Sunday, August 7, 2011

Traidcraft's Spotlight on the Global Trade in Raw Materials

In the "developing nations" of the global south, the era of colonialism is viewed as a dark period in human history. To be colonized meant subjugation to foreign rulers, outright exploitation of natural resources and labor with second-class citizenship for much of the non-European world. Entire continents were usurped of their riches through colonial policies aimed to expedite the transfer of local wealth to European coffers and raw materials to feed the expansive growth of European industries

Today, the term "globalization" has come to replace colonialism, and to replace the Gunboat Diplomacy of Western nations are the equally detrimental policies of International Financial Institutions (IFIs) of the World Bank and the International Monetary Fund in cahoots with the World Trade Organization. 

Click here: Whose Trade Organization? by
Lori Wallach and Patrick Woodall
There is much to be said about the disastrous effects of narrowly focused vested interests of international bankers in developing nations with development projects that primarily benefit the established elite. However, Fair Trade Advocates also need to understand the equally destructive World Trade Organization (WTO). A highly recommended and reasonably priced resource is Whose Trade Organization by Lori Wallach and Patrick Woodall. This publication by Public Citizen ( is a well researched, comprehensive analysis of the organization, its function, and the secretive closed-door court system which enforces international trade policies formed by Western governments in collaboration with the Multi-National Corporatocracy. 

Before the WTO there was the General Agreement on Tariffs and Trade (GATT), a 1947 international agreement to regulate trade governing tariffs and quotas for trade between nations. The World Trade Organization emerged out of the 1995 Uruguay Round GATT negotiations with incredibly deceptive fanfare and promotion. Wallach and Woodall summarize the difference between GATT and the WTO:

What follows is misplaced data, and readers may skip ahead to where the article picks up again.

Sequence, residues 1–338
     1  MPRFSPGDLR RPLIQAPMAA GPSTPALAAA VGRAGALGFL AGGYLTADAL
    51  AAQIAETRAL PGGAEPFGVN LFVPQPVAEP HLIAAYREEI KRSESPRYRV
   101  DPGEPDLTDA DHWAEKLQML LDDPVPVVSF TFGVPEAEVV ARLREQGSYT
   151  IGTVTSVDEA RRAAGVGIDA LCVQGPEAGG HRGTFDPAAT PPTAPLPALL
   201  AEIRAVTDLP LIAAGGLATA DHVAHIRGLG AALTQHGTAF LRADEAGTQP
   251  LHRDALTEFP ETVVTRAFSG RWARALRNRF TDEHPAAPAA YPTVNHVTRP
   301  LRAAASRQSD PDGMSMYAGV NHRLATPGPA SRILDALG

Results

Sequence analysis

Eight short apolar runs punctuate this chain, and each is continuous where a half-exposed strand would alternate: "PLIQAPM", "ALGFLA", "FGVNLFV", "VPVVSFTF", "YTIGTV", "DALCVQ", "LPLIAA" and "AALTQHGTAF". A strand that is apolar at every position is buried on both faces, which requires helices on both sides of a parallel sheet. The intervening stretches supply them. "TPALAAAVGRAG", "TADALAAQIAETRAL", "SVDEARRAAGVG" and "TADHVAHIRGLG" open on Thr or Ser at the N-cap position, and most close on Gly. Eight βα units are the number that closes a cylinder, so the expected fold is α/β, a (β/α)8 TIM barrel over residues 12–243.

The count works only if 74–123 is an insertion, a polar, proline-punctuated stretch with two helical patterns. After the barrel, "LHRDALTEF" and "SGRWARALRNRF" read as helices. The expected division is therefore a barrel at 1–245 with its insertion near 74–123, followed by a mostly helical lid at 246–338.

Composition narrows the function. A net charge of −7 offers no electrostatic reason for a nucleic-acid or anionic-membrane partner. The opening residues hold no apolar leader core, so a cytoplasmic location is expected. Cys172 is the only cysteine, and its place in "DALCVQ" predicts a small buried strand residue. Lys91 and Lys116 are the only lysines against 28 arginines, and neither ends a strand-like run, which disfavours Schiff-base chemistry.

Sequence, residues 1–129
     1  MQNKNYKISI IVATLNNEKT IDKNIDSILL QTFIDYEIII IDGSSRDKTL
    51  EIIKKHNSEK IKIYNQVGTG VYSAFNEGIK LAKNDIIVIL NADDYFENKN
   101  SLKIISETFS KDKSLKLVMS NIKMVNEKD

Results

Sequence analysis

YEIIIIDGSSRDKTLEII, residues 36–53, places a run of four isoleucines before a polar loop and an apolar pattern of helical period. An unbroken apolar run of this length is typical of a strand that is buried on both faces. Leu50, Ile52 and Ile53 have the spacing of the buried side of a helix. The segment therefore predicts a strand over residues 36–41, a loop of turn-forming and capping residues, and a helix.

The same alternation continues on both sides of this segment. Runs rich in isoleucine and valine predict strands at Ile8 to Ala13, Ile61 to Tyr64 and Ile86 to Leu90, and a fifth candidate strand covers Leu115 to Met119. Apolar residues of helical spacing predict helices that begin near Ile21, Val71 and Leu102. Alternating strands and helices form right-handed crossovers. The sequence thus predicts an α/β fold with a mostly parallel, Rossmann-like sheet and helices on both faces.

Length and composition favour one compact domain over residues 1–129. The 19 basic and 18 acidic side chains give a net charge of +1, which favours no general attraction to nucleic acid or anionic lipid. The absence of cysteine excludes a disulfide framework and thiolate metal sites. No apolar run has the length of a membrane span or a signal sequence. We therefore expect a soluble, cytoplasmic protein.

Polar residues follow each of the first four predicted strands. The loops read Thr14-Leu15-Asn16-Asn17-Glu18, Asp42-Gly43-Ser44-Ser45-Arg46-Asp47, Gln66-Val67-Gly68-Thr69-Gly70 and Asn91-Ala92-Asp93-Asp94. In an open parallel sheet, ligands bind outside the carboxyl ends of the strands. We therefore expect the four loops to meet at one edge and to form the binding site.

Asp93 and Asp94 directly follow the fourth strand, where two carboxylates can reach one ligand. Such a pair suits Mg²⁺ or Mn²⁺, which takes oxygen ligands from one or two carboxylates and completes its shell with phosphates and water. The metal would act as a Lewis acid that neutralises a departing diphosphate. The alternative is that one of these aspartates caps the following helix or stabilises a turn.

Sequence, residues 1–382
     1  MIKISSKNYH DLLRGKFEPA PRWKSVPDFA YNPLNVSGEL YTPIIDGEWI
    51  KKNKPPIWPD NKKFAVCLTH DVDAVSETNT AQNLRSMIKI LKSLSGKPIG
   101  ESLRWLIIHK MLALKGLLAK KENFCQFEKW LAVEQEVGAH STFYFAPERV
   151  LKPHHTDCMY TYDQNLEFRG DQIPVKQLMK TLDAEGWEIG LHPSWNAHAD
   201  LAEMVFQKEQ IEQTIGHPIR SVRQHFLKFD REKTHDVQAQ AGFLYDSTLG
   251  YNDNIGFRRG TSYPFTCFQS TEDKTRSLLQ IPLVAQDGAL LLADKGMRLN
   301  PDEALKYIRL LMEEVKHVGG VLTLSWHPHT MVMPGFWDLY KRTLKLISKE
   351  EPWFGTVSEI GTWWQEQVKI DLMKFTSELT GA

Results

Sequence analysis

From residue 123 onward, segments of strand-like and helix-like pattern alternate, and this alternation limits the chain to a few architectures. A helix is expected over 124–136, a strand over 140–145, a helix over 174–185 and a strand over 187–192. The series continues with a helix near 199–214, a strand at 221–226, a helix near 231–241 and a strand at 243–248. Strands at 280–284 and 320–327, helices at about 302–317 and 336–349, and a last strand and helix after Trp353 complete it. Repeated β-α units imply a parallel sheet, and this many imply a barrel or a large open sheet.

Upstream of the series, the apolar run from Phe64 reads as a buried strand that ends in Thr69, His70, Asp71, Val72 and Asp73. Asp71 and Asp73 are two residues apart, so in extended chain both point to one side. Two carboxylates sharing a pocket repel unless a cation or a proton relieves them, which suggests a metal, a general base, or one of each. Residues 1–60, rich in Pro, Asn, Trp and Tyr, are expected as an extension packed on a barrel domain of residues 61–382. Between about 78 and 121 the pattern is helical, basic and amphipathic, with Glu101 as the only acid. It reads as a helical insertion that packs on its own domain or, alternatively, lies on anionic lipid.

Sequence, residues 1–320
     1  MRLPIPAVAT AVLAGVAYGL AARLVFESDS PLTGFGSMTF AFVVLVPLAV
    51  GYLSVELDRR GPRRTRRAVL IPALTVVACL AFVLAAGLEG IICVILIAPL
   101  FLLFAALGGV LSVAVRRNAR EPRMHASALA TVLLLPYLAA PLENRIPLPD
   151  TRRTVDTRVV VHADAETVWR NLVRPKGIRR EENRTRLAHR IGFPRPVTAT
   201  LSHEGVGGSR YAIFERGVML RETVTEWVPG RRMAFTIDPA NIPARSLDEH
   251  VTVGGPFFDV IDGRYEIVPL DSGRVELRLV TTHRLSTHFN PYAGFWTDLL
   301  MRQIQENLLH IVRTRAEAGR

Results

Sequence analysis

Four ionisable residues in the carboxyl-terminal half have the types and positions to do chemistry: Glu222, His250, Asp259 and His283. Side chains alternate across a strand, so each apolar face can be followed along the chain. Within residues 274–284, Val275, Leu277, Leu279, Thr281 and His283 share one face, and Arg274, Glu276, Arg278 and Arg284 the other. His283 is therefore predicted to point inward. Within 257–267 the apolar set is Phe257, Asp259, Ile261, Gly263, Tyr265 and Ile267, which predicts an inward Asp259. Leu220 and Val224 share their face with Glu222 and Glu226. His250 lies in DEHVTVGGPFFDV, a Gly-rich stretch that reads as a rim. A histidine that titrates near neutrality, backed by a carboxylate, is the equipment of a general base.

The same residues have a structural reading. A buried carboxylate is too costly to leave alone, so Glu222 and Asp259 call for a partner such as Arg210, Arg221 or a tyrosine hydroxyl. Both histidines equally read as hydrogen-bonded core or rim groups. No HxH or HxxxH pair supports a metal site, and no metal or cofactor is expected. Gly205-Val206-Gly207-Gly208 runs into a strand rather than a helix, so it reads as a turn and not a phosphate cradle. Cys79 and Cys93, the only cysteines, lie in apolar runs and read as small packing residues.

“Instead of setting terms for international trade – exchange between different nations – these rules are aimed at eliminating the diversity of national policies, priorities, and cultures to create the uniform world market sought by large multinational corporations… in which government would be shrunk and human rights and needs would be left to markets and corporations”  

Succinctly stated, the WTO Is Fundamentally Undemocratic.
Top Ten Reasons to Oppose the WTO from Global Exchange
[Global Exchange ( is valuable resource for Fair Traders!]

With this in mind, it comes as little surprise that the WTO, World Bank and the IMF are united in their mantra demanding "developing nations" to deregulate national markets, privatize of the public sector, and embrace free trade with "developed countries" as a means to develop national economies. Looking closely it is evident the unholy trinity are driven by a common agenda fueled by a flawed economic theory globally referred to as Neo-Liberal Economics by academics and economists; known by the far right wing in the US as Neo-Conservatism; labeled as Free Market Capitalism by the poorly informed Tea Party movement while Libertarians claim it as their own; and anyone with an iota of concern for the future call it exploitative, abusive, careless, excessive, destructive and unhealthy in so many ways.